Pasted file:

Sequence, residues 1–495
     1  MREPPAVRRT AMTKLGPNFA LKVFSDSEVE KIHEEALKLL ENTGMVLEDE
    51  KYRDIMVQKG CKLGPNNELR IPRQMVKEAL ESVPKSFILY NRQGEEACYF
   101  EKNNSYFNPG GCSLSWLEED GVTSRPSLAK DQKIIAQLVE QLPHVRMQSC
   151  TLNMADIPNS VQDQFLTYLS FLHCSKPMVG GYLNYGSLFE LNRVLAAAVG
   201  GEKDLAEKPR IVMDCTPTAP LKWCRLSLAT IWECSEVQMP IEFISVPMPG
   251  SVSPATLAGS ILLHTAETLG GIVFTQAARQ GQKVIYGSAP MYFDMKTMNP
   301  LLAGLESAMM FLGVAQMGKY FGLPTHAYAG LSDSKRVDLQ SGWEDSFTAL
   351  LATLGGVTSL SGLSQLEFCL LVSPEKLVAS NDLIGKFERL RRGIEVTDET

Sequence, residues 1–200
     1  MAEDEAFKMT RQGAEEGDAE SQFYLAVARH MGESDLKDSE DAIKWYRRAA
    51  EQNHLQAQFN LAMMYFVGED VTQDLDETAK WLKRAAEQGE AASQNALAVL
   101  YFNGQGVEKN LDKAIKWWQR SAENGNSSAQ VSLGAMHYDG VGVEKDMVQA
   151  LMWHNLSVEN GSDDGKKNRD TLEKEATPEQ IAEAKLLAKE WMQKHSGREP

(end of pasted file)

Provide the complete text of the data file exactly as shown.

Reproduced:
Sequence, residues 1–495
     1  MREPPAVRRT AMTKLGPNFA LKVFSDSEVE KIHEEALKLL ENTGMVLEDE
    51  KYRDIMVQKG CKLGPNNELR IPRQMVKEAL ESVPKSFILY NRQGEEACYF
   101  EKNNSYFNPG GCSLSWLEED GVTSRPSLAK DQKIIAQLVE QLPHVRMQSC
   151  TLNMADIPNS VQDQFLTYLS FLHCSKPMVG GYLNYGSLFE LNRVLAAAVG
   201  GEKDLAEKPR IVMDCTPTAP LKWCRLSLAT IWECSEVQMP IEFISVPMPG
   251  SVSPATLAGS ILLHTAETLG GIVFTQAARQ GQKVIYGSAP MYFDMKTMNP
   301  LLAGLESAMM FLGVAQMGKY FGLPTHAYAG LSDSKRVDLQ SGWEDSFTAL
   351  LATLGGVTSL SGLSQLEFCL LVSPEKLVAS NDLIGKFERL RRGIEVTDET

Sequence, residues 1–200
     1  MAEDEAFKMT RQGAEEGDAE SQFYLAVARH MGESDLKDSE DAIKWYRRAA
    51  EQNHLQAQFN LAMMYFVGED VTQDLDETAK WLKRAAEQGE AASQNALAVL
   101  YFNGQGVEKN LDKAIKWWQR SAENGNSSAQ VSLGAMHYDG VGVEKDMVQA
   151  LMWHNLSVEN GSDDGKKNRD TLEKEATPEQ IAEAKLLAKE WMQKHSGREP